City identifying potential brownfields; Spitzer says he’ll make sure needy

NORWICH –  Even if the Brownfield Opportunities Area Program only jumpstarts development of one or two underutilized or abandoned sites in the City of Norwich, it can still be considered a success, one city official said.

Statewide, however, Gov. Eliot Spitzer says the brownfield program has been a “failure,” claiming hefty amounts of state subsidies have gone to multi-million dollar projects that didn’t need any help from taxpayers.

Norwich isn’t at the redevelopment stage, yet. With the help of a $37,000 grant, the city is still identifying areas that may or may not even be Brownfield sites.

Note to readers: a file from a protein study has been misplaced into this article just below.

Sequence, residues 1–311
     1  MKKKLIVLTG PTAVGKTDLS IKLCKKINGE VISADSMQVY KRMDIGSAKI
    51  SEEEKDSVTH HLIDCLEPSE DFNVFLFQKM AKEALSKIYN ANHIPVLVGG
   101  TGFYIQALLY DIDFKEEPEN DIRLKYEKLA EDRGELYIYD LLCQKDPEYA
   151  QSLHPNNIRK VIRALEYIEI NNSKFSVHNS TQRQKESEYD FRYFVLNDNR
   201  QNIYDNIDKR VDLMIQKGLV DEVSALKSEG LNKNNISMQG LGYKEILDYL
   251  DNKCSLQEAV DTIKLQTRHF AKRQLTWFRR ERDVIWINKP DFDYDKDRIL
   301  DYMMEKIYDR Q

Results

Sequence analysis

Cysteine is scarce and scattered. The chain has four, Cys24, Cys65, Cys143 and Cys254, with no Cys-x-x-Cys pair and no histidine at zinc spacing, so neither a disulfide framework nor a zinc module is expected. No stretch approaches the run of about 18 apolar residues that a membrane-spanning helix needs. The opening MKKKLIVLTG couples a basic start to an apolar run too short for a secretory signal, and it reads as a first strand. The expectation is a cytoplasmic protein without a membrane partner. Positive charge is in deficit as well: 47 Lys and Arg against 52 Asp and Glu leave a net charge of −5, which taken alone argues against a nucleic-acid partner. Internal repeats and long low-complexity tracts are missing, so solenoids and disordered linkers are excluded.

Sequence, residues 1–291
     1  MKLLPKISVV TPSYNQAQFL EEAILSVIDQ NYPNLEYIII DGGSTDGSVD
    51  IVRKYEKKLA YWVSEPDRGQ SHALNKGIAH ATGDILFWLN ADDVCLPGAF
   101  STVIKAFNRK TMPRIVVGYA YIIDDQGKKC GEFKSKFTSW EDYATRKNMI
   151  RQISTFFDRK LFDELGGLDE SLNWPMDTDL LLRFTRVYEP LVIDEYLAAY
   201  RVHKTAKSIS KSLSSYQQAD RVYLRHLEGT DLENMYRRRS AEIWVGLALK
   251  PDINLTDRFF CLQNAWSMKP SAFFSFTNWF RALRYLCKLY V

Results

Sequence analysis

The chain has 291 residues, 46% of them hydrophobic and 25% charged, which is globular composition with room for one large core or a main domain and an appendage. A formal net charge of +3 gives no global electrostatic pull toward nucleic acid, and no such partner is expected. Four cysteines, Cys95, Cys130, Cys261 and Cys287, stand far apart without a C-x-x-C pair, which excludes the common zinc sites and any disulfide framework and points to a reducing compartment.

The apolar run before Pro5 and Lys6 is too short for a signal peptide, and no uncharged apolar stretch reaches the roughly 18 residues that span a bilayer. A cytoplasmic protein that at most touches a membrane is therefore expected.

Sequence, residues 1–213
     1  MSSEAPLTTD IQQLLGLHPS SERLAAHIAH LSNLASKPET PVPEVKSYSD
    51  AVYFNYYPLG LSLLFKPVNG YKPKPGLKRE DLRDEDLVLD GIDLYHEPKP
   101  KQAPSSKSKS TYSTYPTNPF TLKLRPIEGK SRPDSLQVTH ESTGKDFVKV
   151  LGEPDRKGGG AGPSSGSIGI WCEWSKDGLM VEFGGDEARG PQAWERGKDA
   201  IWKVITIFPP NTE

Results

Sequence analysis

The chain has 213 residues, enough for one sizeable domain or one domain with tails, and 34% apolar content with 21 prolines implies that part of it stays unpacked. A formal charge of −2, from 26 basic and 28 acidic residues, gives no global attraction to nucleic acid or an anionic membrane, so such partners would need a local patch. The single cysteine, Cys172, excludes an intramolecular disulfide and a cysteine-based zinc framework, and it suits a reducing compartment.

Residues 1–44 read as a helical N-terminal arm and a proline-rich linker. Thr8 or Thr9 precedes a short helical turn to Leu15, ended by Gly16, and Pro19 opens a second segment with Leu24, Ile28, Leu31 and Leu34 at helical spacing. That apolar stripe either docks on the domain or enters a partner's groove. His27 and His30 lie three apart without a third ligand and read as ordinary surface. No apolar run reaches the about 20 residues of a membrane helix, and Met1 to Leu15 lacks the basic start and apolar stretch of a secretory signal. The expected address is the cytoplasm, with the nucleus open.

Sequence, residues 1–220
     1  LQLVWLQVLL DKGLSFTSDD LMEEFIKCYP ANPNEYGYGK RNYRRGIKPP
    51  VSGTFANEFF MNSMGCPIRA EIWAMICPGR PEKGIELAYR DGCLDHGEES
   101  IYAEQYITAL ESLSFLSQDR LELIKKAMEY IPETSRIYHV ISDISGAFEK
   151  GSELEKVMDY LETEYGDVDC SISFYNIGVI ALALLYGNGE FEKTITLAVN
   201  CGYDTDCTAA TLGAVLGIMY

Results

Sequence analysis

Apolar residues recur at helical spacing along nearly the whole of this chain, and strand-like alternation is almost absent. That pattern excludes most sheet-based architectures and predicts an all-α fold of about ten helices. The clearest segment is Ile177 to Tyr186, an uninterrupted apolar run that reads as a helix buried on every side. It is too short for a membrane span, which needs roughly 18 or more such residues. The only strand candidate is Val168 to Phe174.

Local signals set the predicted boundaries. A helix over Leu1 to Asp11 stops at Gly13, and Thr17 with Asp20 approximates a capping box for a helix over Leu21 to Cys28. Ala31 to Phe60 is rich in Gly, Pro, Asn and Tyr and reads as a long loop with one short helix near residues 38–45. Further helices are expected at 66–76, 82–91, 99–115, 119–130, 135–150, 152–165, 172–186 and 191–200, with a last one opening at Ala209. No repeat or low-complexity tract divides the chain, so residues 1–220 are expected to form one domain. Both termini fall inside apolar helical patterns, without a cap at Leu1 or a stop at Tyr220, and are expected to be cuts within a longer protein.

What is a brownfield site? According the U.S. Environmental Protection Agency, a brownfield is a property with the presence or potential presence of a hazardous substance, pollutant, or contaminant which may complicate its expansion, redevelopment, or reuse.

The city has currently identified 20 potential brownfield spots east of Broad Street. Sites include a few areas near Hosbach Trail along the Chenango River and a property next to the P&C grocery store.

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